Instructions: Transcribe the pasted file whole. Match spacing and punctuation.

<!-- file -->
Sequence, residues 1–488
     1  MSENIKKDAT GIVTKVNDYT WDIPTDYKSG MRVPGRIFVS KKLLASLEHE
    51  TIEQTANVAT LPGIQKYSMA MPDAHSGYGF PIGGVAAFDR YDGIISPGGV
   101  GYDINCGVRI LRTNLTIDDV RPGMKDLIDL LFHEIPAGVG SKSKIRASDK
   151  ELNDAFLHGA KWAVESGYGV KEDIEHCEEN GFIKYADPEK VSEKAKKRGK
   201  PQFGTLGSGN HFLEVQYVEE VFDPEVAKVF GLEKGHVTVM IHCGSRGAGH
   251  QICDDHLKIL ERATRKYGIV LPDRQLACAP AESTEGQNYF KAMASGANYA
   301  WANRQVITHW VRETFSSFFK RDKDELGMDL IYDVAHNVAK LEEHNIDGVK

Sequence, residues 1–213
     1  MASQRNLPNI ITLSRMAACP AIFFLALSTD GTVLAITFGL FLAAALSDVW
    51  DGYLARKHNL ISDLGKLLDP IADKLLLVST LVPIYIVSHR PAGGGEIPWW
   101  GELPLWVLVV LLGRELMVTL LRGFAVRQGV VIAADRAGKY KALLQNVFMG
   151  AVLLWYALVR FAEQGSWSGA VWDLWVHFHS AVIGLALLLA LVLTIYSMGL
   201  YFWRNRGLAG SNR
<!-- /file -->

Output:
Sequence, residues 1–488
     1  MSENIKKDAT GIVTKVNDYT WDIPTDYKSG MRVPGRIFVS KKLLASLEHE
    51  TIEQTANVAT LPGIQKYSMA MPDAHSGYGF PIGGVAAFDR YDGIISPGGV
   101  GYDINCGVRI LRTNLTIDDV RPGMKDLIDL LFHEIPAGVG SKSKIRASDK
   151  ELNDAFLHGA KWAVESGYGV KEDIEHCEEN GFIKYADPEK VSEKAKKRGK
   201  PQFGTLGSGN HFLEVQYVEE VFDPEVAKVF GLEKGHVTVM IHCGSRGAGH
   251  QICDDHLKIL ERATRKYGIV LPDRQLACAP AESTEGQNYF KAMASGANYA
   301  WANRQVITHW VRETFSSFFK RDKDELGMDL IYDVAHNVAK LEEHNIDGVK

Sequence, residues 1–213
     1  MASQRNLPNI ITLSRMAACP AIFFLALSTD GTVLAITFGL FLAAALSDVW
    51  DGYLARKHNL ISDLGKLLDP IADKLLLVST LVPIYIVSHR PAGGGEIPWW
   101  GELPLWVLVV LLGRELMVTL LRGFAVRQGV VIAADRAGKY KALLQNVFMG
   151  AVLLWYALVR FAEQGSWSGA VWDLWVHFHS AVIGLALLLA LVLTIYSMGL
   201  YFWRNRGLAG SNR